til tech visual-studio-code 

After using Windows versions of launchers that tried to emulate Alfred, I finally took the plunge and bought Alfred’s Powerpack. The buyer remorse of paying > $60 on a “shortcut” app hasn’t really set in as I’m seeing such a wealth of great features that I think the gains as a developer and shortcut aficionado will be well worth the cost in my workflow. So far, highly recommend. The best part for me is the easy plugging in of bash/pwsh scripts to execute on demand for quick productivity tasks without having to navigate and open it up in the terminal.

Alfred Workflows

tech macOS alfred 

Here’s a cool way to visualize runspaces and how they work asynchronously.

$IndentLevel = 2
Get-Random; @(1..100) | ForEach-Object -Parallel { 
    $i = $_
    Start-Sleep -Milliseconds (Get-Random -Minimum 100 -Maximum 1500)
    "{0,$($i * $using:IndentLevel)}" -f $i | Write-Host

The random delay can help show how some tasks finish out of order. For example, running that might result in this in the console:

tech powershell snippets 

Set an environment variable export DOCKER_BUILDKIT=1 to enable a much cleaner Dockerfile output when you don’t need verbose debug level information. Reference: Buildkit

til tech docker 

brew install micro resulted in my finding what I think will be my new go to cli editor. Very impressed so far. I’ve got too many things to learn to be fluent in vim, and this cross platform cli tool might be my new best friend for more command line-fu. Micro

til tech cool-tools 
  • add dev container configuration for Go project in Visual Studio code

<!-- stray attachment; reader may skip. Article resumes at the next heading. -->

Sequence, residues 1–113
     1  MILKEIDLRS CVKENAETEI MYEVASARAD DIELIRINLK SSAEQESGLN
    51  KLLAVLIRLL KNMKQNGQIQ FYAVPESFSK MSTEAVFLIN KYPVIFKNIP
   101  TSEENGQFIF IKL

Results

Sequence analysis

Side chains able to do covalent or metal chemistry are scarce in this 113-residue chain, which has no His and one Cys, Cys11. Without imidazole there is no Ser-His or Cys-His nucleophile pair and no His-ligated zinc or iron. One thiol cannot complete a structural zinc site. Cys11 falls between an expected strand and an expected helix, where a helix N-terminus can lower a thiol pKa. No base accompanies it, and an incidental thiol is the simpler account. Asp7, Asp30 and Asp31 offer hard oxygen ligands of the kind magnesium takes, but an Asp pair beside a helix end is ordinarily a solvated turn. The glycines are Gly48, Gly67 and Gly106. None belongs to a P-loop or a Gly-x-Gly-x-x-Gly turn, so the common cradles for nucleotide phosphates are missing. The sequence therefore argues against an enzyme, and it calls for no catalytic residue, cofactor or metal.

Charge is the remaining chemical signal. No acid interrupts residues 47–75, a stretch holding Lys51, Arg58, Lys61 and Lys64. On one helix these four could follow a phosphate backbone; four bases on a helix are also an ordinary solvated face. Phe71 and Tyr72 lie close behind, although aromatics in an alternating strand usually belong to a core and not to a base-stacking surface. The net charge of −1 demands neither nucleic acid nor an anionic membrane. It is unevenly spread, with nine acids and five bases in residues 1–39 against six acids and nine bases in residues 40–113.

• Added docker compose file
  • Add SQL Server to compose as another service.
  • docker-compose up -d
  • Attach to running container in VSCode
  • Magic โšก

Now I can open Visual Studio Code and run a go project against SQL Server, and tear it all down as I want. Gonna definitely blog on this, as it’s super cool to see this work so well.

While Docker has a steep learning curve, being able to have a full clean dev test environment with SQL Server in a local container and another Ubuntu container to run Go projects in absolutely amazing, not to mention working “inside it” with Remote Workspaces extension from Microsoft.

til tech golang docker sql-server 

Migrating from Windows 10 to macOS for professional use this week. So far the most painful things have been:

  • Pretty rough experience getting displaylink to work, definitely not as plug-and-play as Windows.
  • Shortcuts! I’m a serious shortcut fanatic. The difference in control/command/alt usage on on a mac is painful to my muscle memory and coding flow. Trying to not remap to windows based keys, but it’s been hard.
  • Window management. I’ve used divvy and tried some other’s, but seriously, the lack of window snapping and aero peak is pretty glaring as a new user.

Other than that, so far have most things up and running, and forced myself to do it through Ansible to learn something new. I now know I could setup my macbook 90% of the way in minutes with Ansible, so that’s a win!

tech ansible macOS apple